Dating carnival glass

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ranges from bright pieces to twisting spiral collectibles.

Items made from 1973 onward are distinguished by an oval-shaped Fenton raised logo.

Over the years, they have produced a variety of glass types, including the carnival, opalescent, and milk, as well as other styles like custard and chocolate.

Fenton pieces are popular with collectors for their wide variety of glass styles, signature designs, and the fact every Fenton piece is made by hand.

Fenton-made milk glass before 1958 was also distinguishable for its more transparent appearance in comparison to other milk glass.

Art glass is generally sought-after by collectors, but the maker of an individual piece can impact its value.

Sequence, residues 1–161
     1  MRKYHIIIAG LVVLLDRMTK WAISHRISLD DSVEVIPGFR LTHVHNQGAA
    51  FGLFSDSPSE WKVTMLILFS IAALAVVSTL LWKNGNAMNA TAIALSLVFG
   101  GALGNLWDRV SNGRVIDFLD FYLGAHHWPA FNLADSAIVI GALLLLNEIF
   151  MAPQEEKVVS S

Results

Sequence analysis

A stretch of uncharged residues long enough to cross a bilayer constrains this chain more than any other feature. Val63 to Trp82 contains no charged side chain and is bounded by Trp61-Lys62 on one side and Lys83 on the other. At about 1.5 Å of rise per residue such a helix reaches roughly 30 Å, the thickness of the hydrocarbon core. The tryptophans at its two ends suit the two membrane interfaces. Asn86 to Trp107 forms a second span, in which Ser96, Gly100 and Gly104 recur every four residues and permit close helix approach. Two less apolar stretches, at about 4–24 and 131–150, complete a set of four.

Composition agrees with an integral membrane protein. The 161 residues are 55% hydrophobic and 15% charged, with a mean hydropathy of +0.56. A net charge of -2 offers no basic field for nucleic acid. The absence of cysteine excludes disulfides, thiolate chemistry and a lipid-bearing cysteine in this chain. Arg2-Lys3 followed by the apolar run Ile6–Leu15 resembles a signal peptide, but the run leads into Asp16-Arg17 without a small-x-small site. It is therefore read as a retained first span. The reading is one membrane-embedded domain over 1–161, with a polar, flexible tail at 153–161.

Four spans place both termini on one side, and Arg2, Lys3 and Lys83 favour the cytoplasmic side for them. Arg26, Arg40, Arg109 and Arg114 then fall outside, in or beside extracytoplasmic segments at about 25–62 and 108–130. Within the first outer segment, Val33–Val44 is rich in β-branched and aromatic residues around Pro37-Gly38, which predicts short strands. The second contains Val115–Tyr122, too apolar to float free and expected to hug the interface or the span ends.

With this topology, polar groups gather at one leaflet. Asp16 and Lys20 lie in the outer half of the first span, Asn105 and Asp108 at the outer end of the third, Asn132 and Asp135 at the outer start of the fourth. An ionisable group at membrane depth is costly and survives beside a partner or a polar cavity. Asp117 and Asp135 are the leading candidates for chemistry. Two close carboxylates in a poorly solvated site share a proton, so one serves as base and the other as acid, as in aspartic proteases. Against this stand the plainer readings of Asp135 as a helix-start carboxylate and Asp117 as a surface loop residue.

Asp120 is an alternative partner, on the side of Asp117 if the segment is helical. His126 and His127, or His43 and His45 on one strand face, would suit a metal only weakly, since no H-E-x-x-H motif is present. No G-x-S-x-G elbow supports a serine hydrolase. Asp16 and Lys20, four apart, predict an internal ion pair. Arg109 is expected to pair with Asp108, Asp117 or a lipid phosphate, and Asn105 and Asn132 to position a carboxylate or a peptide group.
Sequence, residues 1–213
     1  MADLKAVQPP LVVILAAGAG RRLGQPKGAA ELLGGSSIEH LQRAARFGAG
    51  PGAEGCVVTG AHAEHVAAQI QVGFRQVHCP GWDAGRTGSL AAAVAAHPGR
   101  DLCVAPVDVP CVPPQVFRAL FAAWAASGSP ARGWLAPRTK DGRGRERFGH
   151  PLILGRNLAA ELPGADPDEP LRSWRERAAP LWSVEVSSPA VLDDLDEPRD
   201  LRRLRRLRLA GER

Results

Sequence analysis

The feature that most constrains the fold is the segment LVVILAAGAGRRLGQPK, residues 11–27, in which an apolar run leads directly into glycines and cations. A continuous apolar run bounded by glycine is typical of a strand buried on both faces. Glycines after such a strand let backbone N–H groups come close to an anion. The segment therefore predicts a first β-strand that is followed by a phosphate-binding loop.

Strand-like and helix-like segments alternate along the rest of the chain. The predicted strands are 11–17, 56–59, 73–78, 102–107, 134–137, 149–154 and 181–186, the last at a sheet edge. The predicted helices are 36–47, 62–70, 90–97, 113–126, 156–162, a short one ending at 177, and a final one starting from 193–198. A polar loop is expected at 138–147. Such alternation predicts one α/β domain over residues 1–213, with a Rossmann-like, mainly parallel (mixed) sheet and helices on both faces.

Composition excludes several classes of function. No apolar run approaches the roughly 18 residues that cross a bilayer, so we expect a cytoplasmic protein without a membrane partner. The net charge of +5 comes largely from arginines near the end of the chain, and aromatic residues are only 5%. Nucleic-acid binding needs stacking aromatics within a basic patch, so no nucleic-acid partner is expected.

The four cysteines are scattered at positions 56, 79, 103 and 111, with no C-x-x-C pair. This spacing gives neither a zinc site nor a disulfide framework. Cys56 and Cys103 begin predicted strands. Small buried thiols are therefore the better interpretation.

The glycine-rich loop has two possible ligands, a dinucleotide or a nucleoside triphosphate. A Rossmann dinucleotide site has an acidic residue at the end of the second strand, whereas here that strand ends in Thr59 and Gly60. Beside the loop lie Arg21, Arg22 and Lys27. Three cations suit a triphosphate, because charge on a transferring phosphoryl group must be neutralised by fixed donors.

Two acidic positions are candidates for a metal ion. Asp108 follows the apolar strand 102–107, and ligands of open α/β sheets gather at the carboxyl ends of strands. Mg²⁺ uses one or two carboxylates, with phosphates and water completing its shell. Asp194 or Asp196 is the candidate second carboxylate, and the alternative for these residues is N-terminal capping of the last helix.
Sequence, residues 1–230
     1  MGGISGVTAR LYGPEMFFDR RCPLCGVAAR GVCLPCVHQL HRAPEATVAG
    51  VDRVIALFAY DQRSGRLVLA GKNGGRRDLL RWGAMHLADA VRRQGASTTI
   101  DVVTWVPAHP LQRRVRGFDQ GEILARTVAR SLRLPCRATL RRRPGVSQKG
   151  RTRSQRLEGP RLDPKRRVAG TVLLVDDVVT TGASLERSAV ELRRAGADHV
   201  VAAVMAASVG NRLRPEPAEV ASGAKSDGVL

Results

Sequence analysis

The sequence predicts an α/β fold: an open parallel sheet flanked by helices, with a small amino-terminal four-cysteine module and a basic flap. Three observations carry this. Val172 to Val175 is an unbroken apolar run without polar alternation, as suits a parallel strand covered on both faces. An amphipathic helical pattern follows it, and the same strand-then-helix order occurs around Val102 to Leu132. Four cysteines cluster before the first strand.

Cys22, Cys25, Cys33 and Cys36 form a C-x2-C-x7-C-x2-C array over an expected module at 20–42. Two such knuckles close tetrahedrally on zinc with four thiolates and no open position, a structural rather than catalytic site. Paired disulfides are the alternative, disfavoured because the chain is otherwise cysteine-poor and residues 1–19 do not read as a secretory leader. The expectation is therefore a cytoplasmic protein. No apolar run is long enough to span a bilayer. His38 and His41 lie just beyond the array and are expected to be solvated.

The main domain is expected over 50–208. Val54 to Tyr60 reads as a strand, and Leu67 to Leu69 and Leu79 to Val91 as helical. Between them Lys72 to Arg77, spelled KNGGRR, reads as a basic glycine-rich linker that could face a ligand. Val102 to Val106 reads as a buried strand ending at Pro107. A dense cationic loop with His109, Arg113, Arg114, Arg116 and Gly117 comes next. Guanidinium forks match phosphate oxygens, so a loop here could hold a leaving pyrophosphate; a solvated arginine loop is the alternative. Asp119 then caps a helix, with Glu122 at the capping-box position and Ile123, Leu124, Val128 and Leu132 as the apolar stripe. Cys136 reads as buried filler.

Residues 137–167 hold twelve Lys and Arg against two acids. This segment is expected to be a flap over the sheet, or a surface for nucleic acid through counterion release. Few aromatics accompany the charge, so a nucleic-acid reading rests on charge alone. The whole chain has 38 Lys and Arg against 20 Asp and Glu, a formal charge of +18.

Pieces produced before 1973 were marked with stick-on labels that likely tore away, making it necessary to do further research to verify the maker.

Colors, design, and motifs can also determine the value of Fenton glassware.

was one of the most prominent glassmaking companies in American history and led to many of the styles discussed in this guide.

Drawing inspiration from Tiffany Studios and Steuben Glass, the firm introduced carnival glass in 1907 before going on to create over 150 different patterns in this style.

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